We have already addressed movies of the decade in a post a few months ago. The other day a friend of mine brought up the query, what is the song of this decade? Well like any of these sorts of questions you cant necessarily say just one song defined a decade. Looking back as long as commercial music has been in the mainstream (1950’s-present) each decade has a myriad of songs that mark the time. I can only think of one decade where the defining song is fairly inarguable and that is the 90’s with Nirvana’s “Smells like Teen Spirit.” (Of course that statement will now spawn massive arguments)

This decade feels so segmented to me. People claim to have eclectic taste in music, but they really don’t. Part of that is because the music isn’t all that different. This is the “American Idol”/boy band generation; manufactured musical artists who have no creativity or artistic talent made to sound good through advance recording techniques and packaged marketing. They are like the Frankenstein’s of music world.

To quote my favorite artist in a poignant song written in 2007, Radio Nowhere:

I was spinnin' 'round a dead dial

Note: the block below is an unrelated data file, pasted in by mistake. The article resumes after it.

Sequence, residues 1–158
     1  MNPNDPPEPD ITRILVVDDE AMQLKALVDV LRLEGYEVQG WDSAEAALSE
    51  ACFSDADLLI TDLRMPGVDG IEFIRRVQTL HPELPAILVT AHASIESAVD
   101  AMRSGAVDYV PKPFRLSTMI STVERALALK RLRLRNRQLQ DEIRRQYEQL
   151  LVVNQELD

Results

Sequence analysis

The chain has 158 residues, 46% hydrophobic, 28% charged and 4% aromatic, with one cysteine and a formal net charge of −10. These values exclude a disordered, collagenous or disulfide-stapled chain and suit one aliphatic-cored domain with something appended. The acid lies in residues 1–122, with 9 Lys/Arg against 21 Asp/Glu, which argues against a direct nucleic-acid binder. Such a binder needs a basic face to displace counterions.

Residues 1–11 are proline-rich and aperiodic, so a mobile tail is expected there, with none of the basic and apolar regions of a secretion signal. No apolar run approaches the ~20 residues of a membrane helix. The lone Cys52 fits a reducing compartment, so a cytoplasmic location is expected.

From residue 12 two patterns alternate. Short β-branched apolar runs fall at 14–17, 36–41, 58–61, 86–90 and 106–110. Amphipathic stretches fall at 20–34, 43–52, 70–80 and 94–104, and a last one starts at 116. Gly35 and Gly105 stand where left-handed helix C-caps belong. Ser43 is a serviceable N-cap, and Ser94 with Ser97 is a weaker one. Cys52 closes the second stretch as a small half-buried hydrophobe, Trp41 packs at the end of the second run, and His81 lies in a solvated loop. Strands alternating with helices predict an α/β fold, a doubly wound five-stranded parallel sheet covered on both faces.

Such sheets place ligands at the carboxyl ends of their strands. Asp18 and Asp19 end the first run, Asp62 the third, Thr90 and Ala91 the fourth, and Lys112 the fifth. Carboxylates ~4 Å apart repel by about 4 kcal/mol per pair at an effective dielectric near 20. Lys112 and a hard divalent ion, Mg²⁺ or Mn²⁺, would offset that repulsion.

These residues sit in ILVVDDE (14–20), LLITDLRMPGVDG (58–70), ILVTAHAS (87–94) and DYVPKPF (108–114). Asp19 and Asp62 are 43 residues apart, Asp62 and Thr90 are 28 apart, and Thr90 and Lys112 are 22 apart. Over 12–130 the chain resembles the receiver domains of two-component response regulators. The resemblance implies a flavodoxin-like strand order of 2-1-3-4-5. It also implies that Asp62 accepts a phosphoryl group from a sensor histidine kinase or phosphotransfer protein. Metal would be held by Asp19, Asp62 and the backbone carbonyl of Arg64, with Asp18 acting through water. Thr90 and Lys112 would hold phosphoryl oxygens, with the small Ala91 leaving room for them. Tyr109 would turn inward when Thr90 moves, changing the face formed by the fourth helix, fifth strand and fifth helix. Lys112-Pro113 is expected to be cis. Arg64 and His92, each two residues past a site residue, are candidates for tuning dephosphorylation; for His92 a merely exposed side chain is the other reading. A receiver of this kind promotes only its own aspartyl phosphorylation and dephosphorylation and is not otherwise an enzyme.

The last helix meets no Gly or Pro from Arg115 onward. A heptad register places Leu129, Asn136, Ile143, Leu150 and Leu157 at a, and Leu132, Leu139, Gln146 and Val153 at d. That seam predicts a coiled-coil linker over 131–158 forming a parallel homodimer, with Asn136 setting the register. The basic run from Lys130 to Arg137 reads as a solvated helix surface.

Just another lost number in a file
Dancin' down a dark hole
Just searchin' for a world with some soul

This is radio nowhere, is there anybody alive out there?
This is radio nowhere, is there anybody alive out there?
Is there anybody alive out there?

I just want to hear some rhythm
I just want to hear some rhythm
I just want to hear some rhythm
I just want to hear some rhythm

I know there are quality artists out there, but you do really have to dig nowadays. And I mean come on people, I am a busy person. I got emails to send, text messages to receive, Bret Michaels dating shows to watch and internet porn to download.

However, there are still some songs that have resonated through this decade of decadence, ipods, octomoms, terrorism, Omorosa, war and of course “Change we can Believe in.”

I decided to do more of an informal poll of friends and acquaintances and see what they said. The thing that kept coming up the most were certain artists but not necessarily a certain song. So maybe this is the decade of artists and not songs, who knows. Those artists that came up repeatedly were Eminem, Outkast, Coldplay, Jay-Z and Foo Fighters. I was left to my own devices to decide which songs would be placed as the quintessential songs of this decade though most of them were the most popular of these artists.

“Lose Yourself” Eminem- The top selling artist of the decade was clearly more popular on the front end than the back end. He went through as swoon of personal problems which limited his artistry in the middle part of the decade. In 2004 he released a semi autobiographical movie, “8 Mile”, which featured Lose Yourself. A song about the characters inner conflict about rising up and performing to the best of his ability rather than giving into his fears. It is a rap ballad of a personal nature and is Eminem to the core.